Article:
DefinitelyTyped icon, indicating that this package has TypeScript declarations provided by the separate @types/restling package

0.9.1 • Public • Published
Promises/A+ logo


Build Status Dependency Status NPM version


Restling is a lightweight Node.js module for building promise-based asynchronous HTTP requests. Under the hood it uses restler to make HTTP calls and bluebird to transform it in promises.

Avoid callback hell

Working on an asynchronous environment you have probably seen this:

Traditional callback approach
User.logIn("user", "pass", {
  success: function(user) {
      success: function(results) {
        results[0].save({ key: value }, {
          success: function(result) {
            // the object was saved.
With Restling
User.logIn("user", "pass").then(function(user) {
  return query.find();
}).then(function(results) {
  return results[0].save({ key: value });
}).then(function(result) {
  // the object was saved.


npm install restling

Basic Usage

var rest = require('restling');
}, function(error){

The result passed into the success callback is an object with two keys: data and response. Example: {'data': 3, 'response': res}

The error passed into the error callback is an instance of Error with the attributes below:


    'message'   : 'getaddrinfo ENOTFOUND',
    'statusCode': 404,
    'response:' : res,
    'data'      :

Parallel Request Basic Usage

Run requests in parallel, without waiting until the previous requests has completed.

To make this we will use a myRequest object which contains two keys:

  • url : Path to make the request.
  • options : OPTIONAL - Some extra params and settings of the request.

Example of myRequest object: {'url': 'http://path/to/api', options:{timeout: 5000}}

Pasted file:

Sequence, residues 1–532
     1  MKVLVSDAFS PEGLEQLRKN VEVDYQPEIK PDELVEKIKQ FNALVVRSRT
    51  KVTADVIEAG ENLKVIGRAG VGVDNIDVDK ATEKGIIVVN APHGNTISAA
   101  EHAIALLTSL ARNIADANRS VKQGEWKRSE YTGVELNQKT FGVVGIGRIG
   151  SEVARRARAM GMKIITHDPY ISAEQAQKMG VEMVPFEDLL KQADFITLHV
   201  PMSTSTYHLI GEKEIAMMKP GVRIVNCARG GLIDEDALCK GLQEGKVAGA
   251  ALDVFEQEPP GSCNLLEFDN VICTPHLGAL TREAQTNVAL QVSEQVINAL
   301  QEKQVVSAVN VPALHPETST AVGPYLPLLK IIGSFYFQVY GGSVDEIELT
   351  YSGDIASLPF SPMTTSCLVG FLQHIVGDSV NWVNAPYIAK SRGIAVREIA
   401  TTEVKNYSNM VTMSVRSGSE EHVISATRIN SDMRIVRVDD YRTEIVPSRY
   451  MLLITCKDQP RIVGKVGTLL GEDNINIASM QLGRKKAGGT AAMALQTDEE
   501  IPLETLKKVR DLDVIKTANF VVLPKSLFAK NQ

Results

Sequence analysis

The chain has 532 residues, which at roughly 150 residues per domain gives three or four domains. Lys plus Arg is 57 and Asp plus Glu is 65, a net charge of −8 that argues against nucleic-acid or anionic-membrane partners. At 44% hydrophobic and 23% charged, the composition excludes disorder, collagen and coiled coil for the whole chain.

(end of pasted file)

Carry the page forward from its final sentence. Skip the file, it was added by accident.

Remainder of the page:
Passing an object

Each property must be a myRequest object that will be executed. The return is a promise with a value that is a object containing each property of the object passed with their respective value.

var rest = require('restling');
var obj  = {'google':{'url':''},
  // handle result here
  // result is {google: responseFromGoogle, api: responseFromApi}
  // handle error here

Passing an array

It is also possible pass an array of myRequest object. THe return is a promise with a value a array which each index contain it respective value in order.

var rest  = require('restling');
var array = [{'url':''},
  // handle results here
  // result is [responseFromGoogle, responseFromApi]
  // handle error here

Using the allAsync instead settleAsync

If you want to reject the return promise for the whole if one of the parallel request is rejected use allAsync instead of settleAsync.


  • Easy interface for common operations via http.request
  • Automatic serialization of post data
  • Automatic serialization of query string data
  • Automatic deserialization of XML, JSON and YAML responses to JavaScript objects
  • Provide your own deserialization functions for other datatypes
  • Automatic following of redirects
  • Send files with multipart requests
  • Transparently handle SSL (just specify https in the URL)
  • Deals with basic auth for you, just provide username and password options
  • Simple service wrapper that allows you to easily put together REST API libraries
  • Transparently handle content-encoded responses (gzip, deflate)
  • Transparently handle different content charsets via iconv-lite


request(url, options)

Basic method to make a request of any type. The function returns a promise object:

get(url, options)

Create a GET request.

post(url, options)

Create a POST request.

put(url, options)

Create a PUT request.

del(url, options)

Create a DELETE request.

head(url, options)

Create a HEAD request.

patch(url, options)

Create a PATCH request.

json(url, data, options)

Send json data via GET method.

postJson(url, data, options)

Send json data via POST method.

putJson(url, data, options)

Send json data via PUT method.